Fictionalizing Facts, Inventing Others

What began as one story meant to fill out the true life of a true person who lived recklessly, a dare-devil by all accounts, and died young – became more than one story. 
What is or was “true,” I came to realize, can be no more than fuzzy at best.  Take me, for instance: How I remember the events of yesterday or a year ago or the sequence of climbing out of bed and finding the coffee filters to brew a first pot of coffee a few hours ago are fuzzy.   Recollections get warped.  Did the sun wake me?  Or a barking dog?  Did I fill the coffeepot reservoir first, then put the filter into the basket – or vice versa?  Did I spill coffee grounds on the counter because I glanced up to see why the neighbor’s dog was barking?  Or was that when the wayward bird thumped into the window?  Does it matter?  Not really.  
What came to matter in the “one” story, Irene’s “true life” story, was the need to write the resemblance of a life lived true to itself, to herself.  And if my own moment-to-moment life experiences were difficult to pin down, how could I possibly capture and pen to paper the moments of Irene Lowe? 
Thus the invention of Irene Johns. 
And if a wayward bird was the cause of spilled coffee grounds in my kitchen this morning, what cause or causes may have brought a vigorous and headstrong girl such as Irene Lowe to such a life as she lived, such fortunes and misfortunes? 
Thus the invented lives of characters to surround my fictional heroine, Irene Parilee Johns.  Thus an invented grandniece to rediscover a secreted-away and long-dead aunt.  Thus an imagined Depression Era venue on Coney Island called Poseidon Park.  Thus any number of stories “true” to this writer’s imagination:  invented lives and invented places, invented events, rivalries and affections.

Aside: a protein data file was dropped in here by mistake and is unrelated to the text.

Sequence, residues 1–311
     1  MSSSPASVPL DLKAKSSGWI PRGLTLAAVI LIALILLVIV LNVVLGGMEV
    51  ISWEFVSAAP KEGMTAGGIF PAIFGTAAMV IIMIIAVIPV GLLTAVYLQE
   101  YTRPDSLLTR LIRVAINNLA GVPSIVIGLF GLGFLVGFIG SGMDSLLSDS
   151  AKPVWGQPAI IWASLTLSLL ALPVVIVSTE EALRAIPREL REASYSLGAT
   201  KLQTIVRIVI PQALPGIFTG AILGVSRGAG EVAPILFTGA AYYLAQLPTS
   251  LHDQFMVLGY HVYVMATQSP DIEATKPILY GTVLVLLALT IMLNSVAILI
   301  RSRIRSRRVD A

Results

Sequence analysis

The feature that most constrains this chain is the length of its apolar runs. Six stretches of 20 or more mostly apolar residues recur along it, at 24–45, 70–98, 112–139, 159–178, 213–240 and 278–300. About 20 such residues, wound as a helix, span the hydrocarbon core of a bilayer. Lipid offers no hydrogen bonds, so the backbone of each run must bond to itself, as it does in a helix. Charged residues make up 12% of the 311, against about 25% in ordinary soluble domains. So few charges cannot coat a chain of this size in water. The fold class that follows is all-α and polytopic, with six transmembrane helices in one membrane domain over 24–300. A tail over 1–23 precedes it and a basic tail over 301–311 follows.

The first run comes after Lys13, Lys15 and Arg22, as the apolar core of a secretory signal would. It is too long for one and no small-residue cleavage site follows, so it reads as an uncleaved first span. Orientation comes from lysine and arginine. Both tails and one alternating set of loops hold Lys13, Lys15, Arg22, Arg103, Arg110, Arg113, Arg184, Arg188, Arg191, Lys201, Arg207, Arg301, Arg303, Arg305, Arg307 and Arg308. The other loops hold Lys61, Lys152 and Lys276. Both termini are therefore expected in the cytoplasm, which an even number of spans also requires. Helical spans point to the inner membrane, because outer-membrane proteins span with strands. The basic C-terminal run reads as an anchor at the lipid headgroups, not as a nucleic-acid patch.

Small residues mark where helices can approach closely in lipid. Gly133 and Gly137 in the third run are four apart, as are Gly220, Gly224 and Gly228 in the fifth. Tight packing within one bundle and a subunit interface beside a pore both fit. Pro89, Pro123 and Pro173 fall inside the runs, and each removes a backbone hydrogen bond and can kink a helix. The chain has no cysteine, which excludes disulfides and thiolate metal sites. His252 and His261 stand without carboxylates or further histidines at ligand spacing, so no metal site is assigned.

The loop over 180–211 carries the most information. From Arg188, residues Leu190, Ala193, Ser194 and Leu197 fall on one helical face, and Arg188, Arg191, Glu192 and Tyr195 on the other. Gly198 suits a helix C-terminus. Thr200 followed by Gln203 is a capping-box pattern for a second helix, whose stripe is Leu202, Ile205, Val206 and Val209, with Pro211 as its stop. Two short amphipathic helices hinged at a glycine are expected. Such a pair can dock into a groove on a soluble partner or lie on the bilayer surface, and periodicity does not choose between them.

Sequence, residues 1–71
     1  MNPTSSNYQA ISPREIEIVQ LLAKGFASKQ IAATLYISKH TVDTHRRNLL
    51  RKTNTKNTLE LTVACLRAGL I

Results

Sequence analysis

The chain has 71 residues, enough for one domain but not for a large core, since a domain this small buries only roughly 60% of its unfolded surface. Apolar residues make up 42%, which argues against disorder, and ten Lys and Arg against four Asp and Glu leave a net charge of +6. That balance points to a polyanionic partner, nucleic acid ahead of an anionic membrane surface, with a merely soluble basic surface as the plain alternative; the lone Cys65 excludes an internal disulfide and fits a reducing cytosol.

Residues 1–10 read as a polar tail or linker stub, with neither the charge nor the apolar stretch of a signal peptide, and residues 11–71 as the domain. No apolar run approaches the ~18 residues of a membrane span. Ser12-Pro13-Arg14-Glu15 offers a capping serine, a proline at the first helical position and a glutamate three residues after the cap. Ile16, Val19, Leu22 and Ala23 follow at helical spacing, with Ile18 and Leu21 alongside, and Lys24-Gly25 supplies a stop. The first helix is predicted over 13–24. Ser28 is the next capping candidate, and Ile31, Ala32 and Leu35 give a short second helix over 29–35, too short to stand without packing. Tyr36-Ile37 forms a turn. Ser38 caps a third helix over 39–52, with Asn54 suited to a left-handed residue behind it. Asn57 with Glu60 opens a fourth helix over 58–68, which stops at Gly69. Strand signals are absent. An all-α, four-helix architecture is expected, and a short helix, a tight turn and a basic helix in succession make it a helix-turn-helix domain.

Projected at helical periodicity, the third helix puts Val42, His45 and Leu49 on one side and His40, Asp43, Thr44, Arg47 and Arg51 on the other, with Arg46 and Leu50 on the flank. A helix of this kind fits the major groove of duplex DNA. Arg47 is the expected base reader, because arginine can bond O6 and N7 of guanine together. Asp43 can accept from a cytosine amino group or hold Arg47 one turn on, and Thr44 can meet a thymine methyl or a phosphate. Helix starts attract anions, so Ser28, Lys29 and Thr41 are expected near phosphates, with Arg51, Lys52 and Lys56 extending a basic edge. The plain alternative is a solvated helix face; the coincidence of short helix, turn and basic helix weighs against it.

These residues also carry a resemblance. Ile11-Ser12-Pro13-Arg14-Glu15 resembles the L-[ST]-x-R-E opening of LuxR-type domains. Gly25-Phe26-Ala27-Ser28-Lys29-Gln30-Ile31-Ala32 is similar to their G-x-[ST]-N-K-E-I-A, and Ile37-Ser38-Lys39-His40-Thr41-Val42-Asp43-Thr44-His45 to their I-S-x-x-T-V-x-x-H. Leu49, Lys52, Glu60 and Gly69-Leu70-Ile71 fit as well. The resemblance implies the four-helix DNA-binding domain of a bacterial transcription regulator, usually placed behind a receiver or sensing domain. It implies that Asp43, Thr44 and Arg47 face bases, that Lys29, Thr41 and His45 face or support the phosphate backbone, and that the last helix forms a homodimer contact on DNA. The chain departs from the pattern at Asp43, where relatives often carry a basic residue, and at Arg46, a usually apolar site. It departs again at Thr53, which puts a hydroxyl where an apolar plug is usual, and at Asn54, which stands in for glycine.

No evidence of coffee grounds on my counter remains.  Only the memory, only the reconstruction of that recent incident in my thinking is yet with me.  And, other than these words recording that event, the mishap will be forgotten.  I believe wayward events happen everywhere and all the time.  Beyond the reach of the Hubble telescope, a speck of matter moves.  A few inches under the earth, worms are making choices about which way to circumnavigate a pebble lodged in their paths.  Imagination carries my beliefs, my “inventions” of what I believe to be “true.”
Thus The True Life Adventures of Irene in White Tights became.  It is what it is – inspired by a real life and true to my imaginings about the nature of we human beings – regardless of the century we are born into, or will be born into.   
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4 Comments

  1. When writing, facts often need to be invented to tell the truth of a person. It’s the presence that matters, not the wrapping.

    I’ve missed your lyrical prose! So glad you’re back.

    Reply

  2. Glad you stopped by, Pat. In the case of Irene Johns, it’s the “truth” of my invented character. There was just no way for me to know the “truth” of the person who inspired the novel. I tried, but everything I wrote was conjecture so I altered my course and reinvented everyone!

    Reply

  3. Very true, this. I am working with some material based on real people and real incidents. In order to make it more vivid and more credible I am having to invent a lot. The fact that I’m writing fiction frees me to flesh out the bare bones of the story and make it more real. I like the way you describe the process. It makes complete sense to me.

    Reply

  4. Thanks, Joseph. I’d hoped the use of small, everyday events might lend themselves to explaining my take on the process. Your comment helps me to believe they do. Appreciate the comment!

    Reply

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